Home Artwork The region’s artistic journey explodes with life after the completion of the third public work of art in the heart of Barraba | The daily leader of the North

The region’s artistic journey explodes with life after the completion of the third public work of art in the heart of Barraba | The daily leader of the North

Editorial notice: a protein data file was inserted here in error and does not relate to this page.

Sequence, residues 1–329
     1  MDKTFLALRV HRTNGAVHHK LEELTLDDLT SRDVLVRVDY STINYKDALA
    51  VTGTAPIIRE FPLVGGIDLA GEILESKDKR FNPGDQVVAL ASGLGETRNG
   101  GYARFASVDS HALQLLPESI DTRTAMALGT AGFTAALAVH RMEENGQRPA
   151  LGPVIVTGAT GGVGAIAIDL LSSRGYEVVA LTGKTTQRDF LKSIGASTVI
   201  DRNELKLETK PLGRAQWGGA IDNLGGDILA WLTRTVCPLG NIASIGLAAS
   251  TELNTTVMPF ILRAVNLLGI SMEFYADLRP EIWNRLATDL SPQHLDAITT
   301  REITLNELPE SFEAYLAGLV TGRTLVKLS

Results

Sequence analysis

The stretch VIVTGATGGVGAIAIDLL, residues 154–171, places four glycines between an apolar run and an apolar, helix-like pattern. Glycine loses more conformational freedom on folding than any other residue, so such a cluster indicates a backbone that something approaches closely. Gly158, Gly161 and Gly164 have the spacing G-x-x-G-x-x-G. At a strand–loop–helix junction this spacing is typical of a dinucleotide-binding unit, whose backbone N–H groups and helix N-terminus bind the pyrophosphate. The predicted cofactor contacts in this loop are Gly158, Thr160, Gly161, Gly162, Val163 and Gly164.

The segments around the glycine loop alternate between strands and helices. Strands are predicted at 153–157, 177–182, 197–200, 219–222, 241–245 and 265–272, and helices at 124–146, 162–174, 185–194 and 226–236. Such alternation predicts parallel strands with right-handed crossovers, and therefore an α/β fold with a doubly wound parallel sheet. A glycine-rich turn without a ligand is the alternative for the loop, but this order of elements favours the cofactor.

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The finishing touches were put on Barraba’s brand new public artwork, located in the heart of the city on Queen Street, on the side of the library. The striking mural is Barraba’s third public artwork, following the completion of Jenny McCracken’s ‘Beyond the Walls’ in Alice Street last year, and the iconic silo artwork ‘The Water Diviner ” by artist Fintan Magee. The extremely proactive Barraba Public Art Committee is behind the projects, and they have no intention of stopping at three. Member Karen Bishton said it was amazing how well the artwork was received not only by locals, but also by people around the world. “The silos were our first and I look at them now and I’m like ‘how did we take this? “, She said. “It was as huge a project as the first one. We didn’t expect the last two to follow each other so quickly, we had a pretty big break last year with COVID and it was just a matter of when we could get the artists here.” Located next to library and council offices, this latest artwork has already had a stunning response, despite only being completed last Friday.Sydney-based artists Scott Nagy and Janne Birkner completed the painting mural, after visiting Barraba in June 2021 to meet community members, investigate the space, explore the area and find inspiration for their concept.” After looking at the space and discovering that the wall is on the much-loved library side, we were inspired to paint the story of a person reading and their imaginations overflowing in the room they’re sitting in,” Scott said. “We like to paint stories that are colorful and dreamlike on tea th of an area’s local flora and fauna, so we incorporated many local animals into the design.” Ms Bishton said that as soon as the artists heard the word library, you could see their imaginations come to life. “I think what was really great about this particular project was the history that people have personally with the library,” she said. “Over generations, the services that libraries provide to us now have become very different, technology-based, from what they were a long, long time ago.” So I think everyone has a story to about a library and there was general consensus and real positivity behind this theme. The mural also depicts local flora and fauna, including the critically endangered Regent Honeyeater. “We’ve consulted a lot with the community over the past few years about the things they like. They love that local birds are included, and local areas like Horton Falls, for example,” Ms Bishton added. Our journalists work hard to provide local, up-to-date information to the community. This is how you can continue to access our trusted content:

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